2022 - Research.com Neuroscience in United States Leader Award
2013 - William James Fellow Award, Association for Psychological Science (APA)
2005 - Karl Spencer Lashley Award, The American Philosophical Society In recognition of his extensive demonstrations of the role of circulating steroid hormones as regulators of neuroplasticity and behavioral adaption
2005 - Robert J. and Claire Pasarow Foundation Medical Research Award
2003 - APA Award for Distinguished Scientific Contributions to Psychology, American Psychological Association
2002 - Joseph Zubin Award, American Psychopathological Association
1998 - Member of the National Academy of Medicine (NAM)
1997 - Member of the National Academy of Sciences
1986 - Fellow of the American Association for the Advancement of Science (AAAS)
Bruce S. McEwen mostly deals with Internal medicine, Endocrinology, Neuroscience, Hippocampus and Hippocampal formation. Many of his studies involve connections with topics such as Stressor and Internal medicine. His work investigates the relationship between Endocrinology and topics such as Receptor that intersect with problems in Preoptic area.
His research investigates the connection between Hippocampus and topics such as NMDA receptor that intersect with problems in Glutamate receptor. The Hippocampal formation study combines topics in areas such as Tianeptine, Excitatory postsynaptic potential and Atrophy. As a part of the same scientific study, Bruce S. McEwen usually deals with the Allostatic load, concentrating on Cognition and frequently concerns with Mental health.
His primary areas of study are Internal medicine, Endocrinology, Neuroscience, Hippocampus and Receptor. His work on Internal medicine deals in particular with Hippocampal formation, Dentate gyrus, Central nervous system, Steroid hormone and Estrogen receptor. His study in Corticosterone, Hypothalamus, Glucocorticoid, Estrogen and Hormone is carried out as part of his studies in Endocrinology.
Prefrontal cortex, Chronic stress, Amygdala, Neuroplasticity and Allostatic load are the primary areas of interest in his Neuroscience study. Many of his studies on Chronic stress involve topics that are commonly interrelated, such as Allostasis. The concepts of his Allostatic load study are interwoven with issues in Developmental psychology and Disease.
Bruce S. McEwen spends much of his time researching Neuroscience, Internal medicine, Endocrinology, Hippocampus and Allostatic load. His Internal medicine research incorporates elements of Gene expression and Anxiety. His Endocrinology study often links to related topics such as Receptor.
His Hippocampus study combines topics from a wide range of disciplines, such as Hippocampal formation, Glutamate receptor, Synapse and Cognitive decline. His biological study spans a wide range of topics, including Psychosocial and Allostasis. His Allostasis research includes themes of Developmental psychology, Adaptation and Clinical psychology.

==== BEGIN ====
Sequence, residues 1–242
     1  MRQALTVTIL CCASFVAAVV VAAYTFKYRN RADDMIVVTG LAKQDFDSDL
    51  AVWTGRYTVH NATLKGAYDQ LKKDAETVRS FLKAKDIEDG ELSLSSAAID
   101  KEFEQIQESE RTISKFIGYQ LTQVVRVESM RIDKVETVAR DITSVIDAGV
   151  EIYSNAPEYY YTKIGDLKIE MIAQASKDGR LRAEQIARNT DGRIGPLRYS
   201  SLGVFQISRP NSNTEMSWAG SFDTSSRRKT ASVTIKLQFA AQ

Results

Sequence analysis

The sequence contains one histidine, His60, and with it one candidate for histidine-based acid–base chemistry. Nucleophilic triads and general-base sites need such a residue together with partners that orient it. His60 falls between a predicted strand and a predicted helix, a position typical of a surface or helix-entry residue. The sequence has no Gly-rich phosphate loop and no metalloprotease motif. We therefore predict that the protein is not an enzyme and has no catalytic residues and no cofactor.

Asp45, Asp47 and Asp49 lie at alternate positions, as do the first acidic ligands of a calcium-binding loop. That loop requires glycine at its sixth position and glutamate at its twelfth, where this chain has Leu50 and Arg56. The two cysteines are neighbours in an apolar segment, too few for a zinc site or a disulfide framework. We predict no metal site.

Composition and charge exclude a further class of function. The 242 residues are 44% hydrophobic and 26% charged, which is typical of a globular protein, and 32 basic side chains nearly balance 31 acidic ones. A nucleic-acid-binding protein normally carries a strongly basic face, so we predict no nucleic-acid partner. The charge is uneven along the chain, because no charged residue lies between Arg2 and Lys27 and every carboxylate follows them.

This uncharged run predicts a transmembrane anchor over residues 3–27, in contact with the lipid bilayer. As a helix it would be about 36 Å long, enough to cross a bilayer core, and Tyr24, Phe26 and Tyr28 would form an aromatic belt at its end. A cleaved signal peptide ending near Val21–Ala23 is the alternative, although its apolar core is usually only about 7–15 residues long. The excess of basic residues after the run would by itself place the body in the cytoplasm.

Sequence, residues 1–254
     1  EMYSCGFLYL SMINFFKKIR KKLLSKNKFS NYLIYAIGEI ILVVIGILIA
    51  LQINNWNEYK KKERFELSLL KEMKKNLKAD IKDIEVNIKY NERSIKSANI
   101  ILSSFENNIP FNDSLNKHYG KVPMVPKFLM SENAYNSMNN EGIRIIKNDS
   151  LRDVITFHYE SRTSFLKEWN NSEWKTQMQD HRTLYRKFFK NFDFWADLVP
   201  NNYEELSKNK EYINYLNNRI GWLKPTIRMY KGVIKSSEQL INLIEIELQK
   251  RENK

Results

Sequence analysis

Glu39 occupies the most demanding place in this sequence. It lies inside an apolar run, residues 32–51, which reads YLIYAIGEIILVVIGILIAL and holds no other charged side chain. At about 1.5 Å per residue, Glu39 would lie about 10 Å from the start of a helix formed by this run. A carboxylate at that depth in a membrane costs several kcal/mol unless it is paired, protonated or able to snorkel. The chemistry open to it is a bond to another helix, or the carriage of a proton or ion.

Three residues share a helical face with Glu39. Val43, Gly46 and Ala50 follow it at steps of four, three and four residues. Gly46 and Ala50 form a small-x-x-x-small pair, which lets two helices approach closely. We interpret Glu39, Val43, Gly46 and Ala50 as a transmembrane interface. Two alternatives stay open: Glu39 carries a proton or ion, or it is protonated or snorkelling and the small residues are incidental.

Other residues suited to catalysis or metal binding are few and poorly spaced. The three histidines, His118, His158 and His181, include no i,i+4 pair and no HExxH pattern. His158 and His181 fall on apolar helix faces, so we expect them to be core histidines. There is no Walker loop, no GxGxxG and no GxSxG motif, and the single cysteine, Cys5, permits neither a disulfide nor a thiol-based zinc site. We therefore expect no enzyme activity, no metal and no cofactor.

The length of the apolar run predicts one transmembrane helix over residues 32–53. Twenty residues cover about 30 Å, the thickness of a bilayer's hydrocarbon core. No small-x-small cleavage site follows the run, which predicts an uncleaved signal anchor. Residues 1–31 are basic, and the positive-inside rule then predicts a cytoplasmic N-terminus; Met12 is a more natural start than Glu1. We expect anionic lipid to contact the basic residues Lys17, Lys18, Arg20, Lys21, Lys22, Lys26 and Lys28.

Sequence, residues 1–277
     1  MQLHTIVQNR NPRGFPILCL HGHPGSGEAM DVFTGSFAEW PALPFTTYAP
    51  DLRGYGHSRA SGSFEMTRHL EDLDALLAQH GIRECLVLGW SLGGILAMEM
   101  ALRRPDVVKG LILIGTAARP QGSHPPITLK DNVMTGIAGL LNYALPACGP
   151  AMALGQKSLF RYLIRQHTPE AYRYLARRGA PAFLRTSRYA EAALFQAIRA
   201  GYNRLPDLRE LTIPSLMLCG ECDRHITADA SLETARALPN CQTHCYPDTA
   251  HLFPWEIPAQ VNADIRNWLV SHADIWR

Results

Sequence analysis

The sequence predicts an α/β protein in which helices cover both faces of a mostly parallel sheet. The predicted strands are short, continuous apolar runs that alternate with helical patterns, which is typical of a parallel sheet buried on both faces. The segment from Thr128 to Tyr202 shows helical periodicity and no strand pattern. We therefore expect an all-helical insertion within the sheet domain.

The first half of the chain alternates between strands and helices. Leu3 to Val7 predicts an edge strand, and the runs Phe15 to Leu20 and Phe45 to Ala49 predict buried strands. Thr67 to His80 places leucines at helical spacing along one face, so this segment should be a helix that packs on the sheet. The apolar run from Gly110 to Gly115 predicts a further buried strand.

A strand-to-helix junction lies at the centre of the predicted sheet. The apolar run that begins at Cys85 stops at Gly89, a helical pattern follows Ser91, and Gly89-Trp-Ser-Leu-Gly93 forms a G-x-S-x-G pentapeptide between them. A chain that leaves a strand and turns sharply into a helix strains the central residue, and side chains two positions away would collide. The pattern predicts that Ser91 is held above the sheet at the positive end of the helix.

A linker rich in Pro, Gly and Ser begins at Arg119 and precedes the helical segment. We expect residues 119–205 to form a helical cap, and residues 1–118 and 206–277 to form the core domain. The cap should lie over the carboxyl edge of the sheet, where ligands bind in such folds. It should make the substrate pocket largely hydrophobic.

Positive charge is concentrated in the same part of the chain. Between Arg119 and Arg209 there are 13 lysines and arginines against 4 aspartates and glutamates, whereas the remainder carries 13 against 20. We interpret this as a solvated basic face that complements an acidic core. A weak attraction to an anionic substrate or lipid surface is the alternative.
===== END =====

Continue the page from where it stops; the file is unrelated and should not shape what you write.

The scientist’s investigation covers issues in Neuroscience, Prefrontal cortex, Internal medicine, Endocrinology and Hippocampus. His work in Neuroscience covers topics such as Anxiety which are related to areas like Mood and Traumatic stress. The concepts of his Prefrontal cortex study are interwoven with issues in Aging brain and Amygdala.
His Endocrinology research incorporates themes from Estrogen receptor and Immunology. His research in Hippocampus intersects with topics in Dendritic spine, Hippocampal formation, Human brain, Cognitive decline and Synapse. His research on Stressor also deals with topics like
This overview was generated by a machine learning system which analysed the scientist’s body of work. If you have any feedback, you can contact us here.
Protective and Damaging Effects of Stress Mediators
Bruce S. McEwen.
The New England Journal of Medicine (1998)
Effects of stress throughout the lifespan on the brain, behaviour and cognition
Sonia J. Lupien;Bruce S. McEwen;Megan R. Gunnar;Christine Heim.
Nature Reviews Neuroscience (2009)
Stress, Adaptation, and Disease: Allostasis and Allostatic Load
Bruce S. McEWEN.
Annals of the New York Academy of Sciences (1998)
Physiology and Neurobiology of Stress and Adaptation: Central Role of the Brain
Bruce S. McEwen.
Physiological Reviews (2007)
Stress and the Individual: Mechanisms Leading to Disease
Bruce S. McEwen;Eliot Stellar.
JAMA Internal Medicine (1993)
The concept of allostasis in biology and biomedicine.
Bruce S McEwen;John C Wingfield.
Hormones and Behavior (2003)
The Neuroendocrinology of Stress and Aging: The Glucocorticoid Cascade Hypothesis*
Robert M. Sapolsky;Lewis C. Krey;Bruce S. McEwen.
Endocrine Reviews (1986)
Stress and hippocampal plasticity.
Bruce S. McEwen.
Annual Review of Neuroscience (1999)
Neuroscience, Molecular Biology, and the Childhood Roots of Health Disparities: Building a New Framework for Health Promotion and Disease Prevention
Jack P. Shonkoff;W. Thomas Boyce;Bruce S. McEwen.
The neurobiology of stress : from serendipity to clinical relevance
Bruce S. McEwen.
Brain Research (2000)
If you think any of the details on this page are incorrect, let us know.
We appreciate your kind effort to assist us to improve this page, it would be helpful providing us with as much detail as possible in the text box below: